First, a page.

“With this budget, taxpayers come first,” said Governor Walker. “Property taxes will be cut for an unprecedented six years in a row, while additional money is invested in K-12 education and expanding educational choices for parents and their students.Sure, the projected property tax cut was only going to total $3 in the next 2 years. "But hey," said the rubes, "it still beats taxes going up."
Sorry rubes, but you were snookered. Your dreams of lower property taxes for the next two years just went out the window, as the Legislative Fiscal Bureau came out last week, and said instead of a $1 decrease on the average property tax bill in Wisconsin, those bills will now go UP by an average of $16 when they get shipped out in coming weeks. Ruh roh.
So why did it happen? The LFB says it was because of a couple of items that had been lurking in the background in recent months.
Over half of the tax bill difference ($10) is attributable to equalized values. The increase in residential property value due to economic factors is used to calculate the year-to-year change in the median home value, and the difference between the growth rates for total value and the home value is an important element in determining tax bill changes. When the value of an existing property increases by a lower percentage than the percentage change in total value, the existing property will comprise a smaller share of total tax base, and the percentage of taxes apportioned to the existing property will decline. In the July 27th memorandum, total taxable value was estimated to increase at a rate that was 1.1% higher than the home value change, but the actual 2015 equalized values reflect a difference of only 0.8%. Compared to the earlier estimate, less of the 2015(16) tax levy will be shifted to other property and more of the tax levy will be borne by existing homes.Hey, who could have predicted that? Oh wait, (points both thumbs) THIS GUY! Oh and that lottery credit is supposed to decline further next year. Double ruh roh.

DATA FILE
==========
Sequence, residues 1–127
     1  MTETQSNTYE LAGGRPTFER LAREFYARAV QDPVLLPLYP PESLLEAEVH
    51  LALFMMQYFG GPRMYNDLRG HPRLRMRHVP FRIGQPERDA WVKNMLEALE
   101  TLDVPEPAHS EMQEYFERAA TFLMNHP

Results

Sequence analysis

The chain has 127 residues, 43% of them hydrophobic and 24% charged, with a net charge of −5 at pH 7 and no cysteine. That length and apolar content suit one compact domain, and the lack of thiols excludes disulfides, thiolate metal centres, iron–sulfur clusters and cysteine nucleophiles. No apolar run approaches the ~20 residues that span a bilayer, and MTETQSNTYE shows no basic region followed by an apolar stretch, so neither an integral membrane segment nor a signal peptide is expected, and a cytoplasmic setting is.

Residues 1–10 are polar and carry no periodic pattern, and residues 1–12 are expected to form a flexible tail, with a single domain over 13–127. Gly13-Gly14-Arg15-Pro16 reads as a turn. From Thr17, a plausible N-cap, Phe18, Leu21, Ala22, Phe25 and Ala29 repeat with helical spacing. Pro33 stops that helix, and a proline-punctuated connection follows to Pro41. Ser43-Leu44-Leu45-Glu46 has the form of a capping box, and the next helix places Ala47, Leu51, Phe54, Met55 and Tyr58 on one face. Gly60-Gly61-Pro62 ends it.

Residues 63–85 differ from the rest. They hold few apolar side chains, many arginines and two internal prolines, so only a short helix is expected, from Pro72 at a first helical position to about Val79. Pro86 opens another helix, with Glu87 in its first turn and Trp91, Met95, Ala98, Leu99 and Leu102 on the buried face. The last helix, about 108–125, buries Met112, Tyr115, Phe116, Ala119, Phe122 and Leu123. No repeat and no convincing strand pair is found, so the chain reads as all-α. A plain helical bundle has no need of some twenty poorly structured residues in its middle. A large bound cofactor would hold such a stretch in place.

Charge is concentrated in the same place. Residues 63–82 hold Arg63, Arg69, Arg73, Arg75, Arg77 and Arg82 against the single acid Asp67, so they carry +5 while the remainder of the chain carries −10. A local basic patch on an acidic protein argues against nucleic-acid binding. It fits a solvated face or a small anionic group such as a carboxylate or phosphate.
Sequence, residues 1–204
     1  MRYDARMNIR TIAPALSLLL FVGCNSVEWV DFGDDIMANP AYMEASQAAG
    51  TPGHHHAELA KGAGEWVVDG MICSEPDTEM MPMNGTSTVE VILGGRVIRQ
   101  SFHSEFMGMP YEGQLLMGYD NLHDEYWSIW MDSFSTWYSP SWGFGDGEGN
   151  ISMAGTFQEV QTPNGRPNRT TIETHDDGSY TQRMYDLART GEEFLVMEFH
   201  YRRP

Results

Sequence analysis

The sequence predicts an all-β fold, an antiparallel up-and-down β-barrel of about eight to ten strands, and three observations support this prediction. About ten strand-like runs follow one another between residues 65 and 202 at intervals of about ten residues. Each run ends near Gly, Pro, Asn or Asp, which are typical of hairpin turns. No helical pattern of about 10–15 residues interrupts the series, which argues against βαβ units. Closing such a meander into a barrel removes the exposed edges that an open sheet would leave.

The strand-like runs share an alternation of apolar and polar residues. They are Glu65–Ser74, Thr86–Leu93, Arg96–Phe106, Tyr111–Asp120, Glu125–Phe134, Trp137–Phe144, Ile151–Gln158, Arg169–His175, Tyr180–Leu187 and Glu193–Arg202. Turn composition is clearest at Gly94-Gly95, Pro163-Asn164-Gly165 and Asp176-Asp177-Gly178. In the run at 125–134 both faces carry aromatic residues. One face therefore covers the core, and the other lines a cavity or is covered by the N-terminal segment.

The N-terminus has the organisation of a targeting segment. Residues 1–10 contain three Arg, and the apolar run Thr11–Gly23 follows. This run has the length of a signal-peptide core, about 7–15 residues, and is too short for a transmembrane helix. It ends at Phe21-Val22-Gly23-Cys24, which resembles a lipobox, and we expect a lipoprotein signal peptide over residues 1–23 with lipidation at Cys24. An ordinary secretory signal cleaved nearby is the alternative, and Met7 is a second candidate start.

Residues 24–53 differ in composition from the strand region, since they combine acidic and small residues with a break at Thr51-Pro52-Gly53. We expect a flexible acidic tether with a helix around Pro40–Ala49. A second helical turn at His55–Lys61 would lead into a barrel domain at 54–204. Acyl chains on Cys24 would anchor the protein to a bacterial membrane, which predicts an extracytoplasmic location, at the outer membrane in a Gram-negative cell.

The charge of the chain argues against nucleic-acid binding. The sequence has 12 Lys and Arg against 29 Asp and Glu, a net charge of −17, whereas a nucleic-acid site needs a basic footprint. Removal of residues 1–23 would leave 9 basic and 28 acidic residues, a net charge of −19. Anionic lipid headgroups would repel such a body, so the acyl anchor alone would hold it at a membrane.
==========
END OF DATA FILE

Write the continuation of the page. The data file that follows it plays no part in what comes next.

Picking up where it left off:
The rest of the tax bill difference ($7) is due to somewhat higher school and technical college district tax levy increases and slightly less lottery proceeds available, in comparison to the July 27 estimated amounts. Statewide levy increases of 2.1% for school districts and 2.4% for technical college districts compare to earlier estimated increases of 1.6% and 2.0%, respectively. In dollar terms, the reported increases exceed the earlier projections by $21.7 million for school districts and by $1.4 million for technical college districts. In October, the Joint Committee on Finance approved a Department of Administration estimate of lottery proceeds available for distribution as property tax credits in 2015-16. The action lowered the estimate of available funding by $1.4 million from $162.8 million under Act 55 to $161.4 million in October.
The higher-than-expected increase in school levies are likely a big reason behind the absurd bill in the GOP Legislature that is intended to limit the ability of school districts to go to referendum to raise property taxes. Because one of the few tangible "positive" things the WisGOPs have been able to claim over this 5-year Reign of Error is "your taxes are lower!" Now that bullet is going away, and it's a direct result of GOP policies that cut funding for K-12 public schools, causing them to have to go to referendum just to leave the lights on and keep the buildings from falling down. And what's even worse than seeing property taxes go up is promising to the average low-info voter that they'd go down....and to have them find out otherwise. So to try to mitigate the damage from their own failed policies and a general backwards-ass mentality when it comes to taxes, many WisGOPs would rather blow up their earlier approval of "local control" and screw up public schools even further just to be able to have a campaign talking point. That's GOP "governance" for you.
What's even dumber about that referendum bill is that not only is it pissing a lot of people off as a usurping of local control, that bill won't matter for the 2016 elections anyway! Because higher property taxes will be on the bills that are coming out in a couple of weeks, and the next set of property tax bills won't come out until after those 2016 elections take place, with little chance of taxes being limited by the bill until the year after that. And the state budget is too busted for rising property taxes to be fixed in any useful fashion that doesn't involve major service cuts, or other taxes going up.
'Tis quite the quandry, is it not? But Scott Walker and WisGOP did it to themselves, and their gimmicks about lowering property taxes have now gone past merely being bad policy that leads to a low-wage, declining economy, the "lower taxes" claim isn't even true anymore. Go ahead and run on that, guys!